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Est. April 5, 2002
Oct 15, 2020 - Issue 837
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In light of the erratic and unstable behavior of President Donald Trump - who, since contracting the coronavirus has been over the top, even by his own standards - there is more discussion in Washington about the 25th amendment.

But what is the amendment, and what is its purpose?

House Speaker Nancy Pelosi put it all on the table when she announced legislation to create a bipartisan commission that would judge whether a sitting president is competent to remain in office. Although the commission provided in the bill would apply to any president, it is clear Pelosi had Trump in mind.

This is not about President Trump. He will face the judgment of the voters, but he shows the need for us to create a process for future presidents,” Pelosi said at a press conference with Rep. Jamie Raskin, D-Md., who wrote the bill.

This legislation applies to future presidents, but we are reminded of the necessity of action by the health of the current president.”

This is really only for the most extreme situations where you have a president who cannot fulfill the functions of the office,” Raskin said.

The legislation would create a 17-member commission - eight appointed by Democrats, eight by Republicans, and a chair selected by all members - consisting of former executive branch officials and doctors. This body would monitor the fitness of the commander-in-chief and request a health exam from him or her.

If the president refused, the commission could vote to remove the president from office, with the vote of the vice president.

With a Republican Senate and White House, the chances of this bill’s passage seem unlikely. However, the legislation, which invokes the 25th amendment, provides a potent political tool to keep Trump in check and put him on notice.

Passed by Congress in 1965 after the assassination of President John F. Kennedy and enacted in 1967, the 25th Amendment outlines the process for replacing a president or vice president who dies or is incapacitated, resigns or is removed from office.

Under section 1 of the amendment, “In case of the removal of the President from office or of his death or resignation, the Vice President shall become President” rather than merely acting president. In Section 2, the president fills a vice presidential vacancy by nominating someone who is subject to confirmation by both houses of Congress.

Section 3 allows the president to voluntarily discharge his or her duties to the vice president in writing, when the president is temporarily unable to fulfill the responsibilities of the office, as in the case of a surgery. The vice president becomes acting president until the president is able to return to power through a written declaration.

Most important for the purposes of the proposed legislation is section 4, which says that if the vice president and a majority of the cabinet “or such other body as Congress may by law provide” declare in writing to the Speaker and the to the President pro tempore of the Senate that the president is unable to carry out the duties and powers of the office, the vice president becomes the acting president.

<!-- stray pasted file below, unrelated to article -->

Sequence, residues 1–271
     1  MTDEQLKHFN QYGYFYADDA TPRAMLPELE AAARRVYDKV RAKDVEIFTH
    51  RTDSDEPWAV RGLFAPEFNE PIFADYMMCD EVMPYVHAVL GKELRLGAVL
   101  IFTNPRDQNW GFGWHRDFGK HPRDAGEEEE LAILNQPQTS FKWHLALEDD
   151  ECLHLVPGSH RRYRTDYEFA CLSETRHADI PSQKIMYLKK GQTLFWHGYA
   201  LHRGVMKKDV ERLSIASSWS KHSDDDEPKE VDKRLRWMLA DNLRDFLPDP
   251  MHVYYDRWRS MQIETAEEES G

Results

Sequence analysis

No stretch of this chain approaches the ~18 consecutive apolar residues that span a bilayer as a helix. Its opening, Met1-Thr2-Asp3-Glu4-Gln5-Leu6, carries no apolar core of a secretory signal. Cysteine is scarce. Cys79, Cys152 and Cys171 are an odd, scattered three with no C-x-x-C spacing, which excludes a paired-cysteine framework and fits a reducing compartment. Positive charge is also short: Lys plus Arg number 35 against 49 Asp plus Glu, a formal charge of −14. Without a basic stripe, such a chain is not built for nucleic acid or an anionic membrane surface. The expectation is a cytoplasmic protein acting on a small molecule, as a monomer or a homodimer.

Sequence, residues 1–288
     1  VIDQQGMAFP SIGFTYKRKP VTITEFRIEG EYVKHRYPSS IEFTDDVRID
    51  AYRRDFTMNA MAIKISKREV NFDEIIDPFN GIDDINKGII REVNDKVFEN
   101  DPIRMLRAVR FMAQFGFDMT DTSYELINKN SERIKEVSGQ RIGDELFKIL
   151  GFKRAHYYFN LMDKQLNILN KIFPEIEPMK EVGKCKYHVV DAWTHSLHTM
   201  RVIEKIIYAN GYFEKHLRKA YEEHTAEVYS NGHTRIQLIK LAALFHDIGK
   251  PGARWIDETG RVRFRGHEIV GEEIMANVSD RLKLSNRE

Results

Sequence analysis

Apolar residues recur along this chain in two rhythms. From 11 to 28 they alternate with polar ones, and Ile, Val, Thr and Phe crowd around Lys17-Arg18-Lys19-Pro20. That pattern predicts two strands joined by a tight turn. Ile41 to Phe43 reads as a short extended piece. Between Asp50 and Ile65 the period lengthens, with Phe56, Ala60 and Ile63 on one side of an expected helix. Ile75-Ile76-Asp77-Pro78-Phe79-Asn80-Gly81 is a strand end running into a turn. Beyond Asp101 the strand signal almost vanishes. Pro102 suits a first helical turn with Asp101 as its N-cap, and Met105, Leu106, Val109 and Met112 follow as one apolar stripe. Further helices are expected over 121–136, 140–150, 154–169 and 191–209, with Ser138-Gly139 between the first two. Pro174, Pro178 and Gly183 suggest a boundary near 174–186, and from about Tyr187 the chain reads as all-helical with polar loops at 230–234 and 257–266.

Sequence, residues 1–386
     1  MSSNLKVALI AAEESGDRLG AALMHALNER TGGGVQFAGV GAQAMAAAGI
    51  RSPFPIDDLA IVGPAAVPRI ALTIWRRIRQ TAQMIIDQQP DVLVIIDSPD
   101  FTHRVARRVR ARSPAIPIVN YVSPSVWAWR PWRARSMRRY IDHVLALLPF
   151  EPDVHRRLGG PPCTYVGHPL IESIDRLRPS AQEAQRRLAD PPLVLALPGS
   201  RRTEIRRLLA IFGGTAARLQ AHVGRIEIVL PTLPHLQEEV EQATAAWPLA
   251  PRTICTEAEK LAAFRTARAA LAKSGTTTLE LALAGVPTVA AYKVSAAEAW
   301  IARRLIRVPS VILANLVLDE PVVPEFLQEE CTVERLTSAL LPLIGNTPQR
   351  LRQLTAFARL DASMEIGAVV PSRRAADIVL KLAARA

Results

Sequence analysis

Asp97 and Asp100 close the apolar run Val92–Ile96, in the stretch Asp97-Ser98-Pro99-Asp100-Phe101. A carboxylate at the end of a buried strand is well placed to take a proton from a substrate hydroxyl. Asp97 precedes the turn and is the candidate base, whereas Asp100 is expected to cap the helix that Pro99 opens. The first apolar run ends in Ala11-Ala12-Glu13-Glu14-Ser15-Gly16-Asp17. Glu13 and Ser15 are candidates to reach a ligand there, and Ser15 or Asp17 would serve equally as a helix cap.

If the president declares in writing that he or she is able, the vice president and a majority of the cabinet or other body have four days to declare in writing that the president is incapacitated. If they do not, the president resumes power. If they do, the Congress has 21 days to consider the matter, and with a two-thirds vote of the House and Senate would allow the vice president to continue as acting president.

Notwithstanding Trump’s record of offensive behavior, toxic racism and hazardous policies over the past four years, his more recent actions and statements have raised serious concerns about his fitness for office and the threat he poses to national security. Since testing positive for the coronavirus, Trump has received a treatment of a variety of drugs, including steroids which, along with the virus itself, could impair his judgment and lead to behavior changes.

Although Trump claimed he “feels great” in the middle of a coughing spell and vowed to hit the campaign trail soon, his physicians are sending mixed signals and dodging questions about his health. Recently, he called off negotiations on a new coronavirus stimulus package before reversing course, and bailed out of the next presidential town hall debate with Democrat rival Joe Biden.

Facing dismal poll numbers, $421 million owed to bill collectors and possibly prison bars if he loses the election, a COVID-19 infected White House and his own diagnosis, Trump appears desperate and in meltdown mode.

In a tumultuous year where an impeachment process was unable to keep a president in check, this unstable president still has much time to inflict damage before the election and inauguration day. The 25th Amendment is another tool in the Constitution to attempt to restore democracy and the rule of law to the American system of government-run amok.

This commentary was originally published by The Grio

David A. Love, JD - Serves as Executive Editor. He is a journalist, commentator, human rights advocate and an adjunct instructor at the Rutgers University School of Communication and Information based in Philadelphia, and a contributor to theGrioAtlantaBlackStarThe Progressive,, Morpheus, NewsWorks and The Huffington Post. He also blogs at Contact Mr. Love and BC.

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is published Thursday
Executive Editor:
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Managing Editor:
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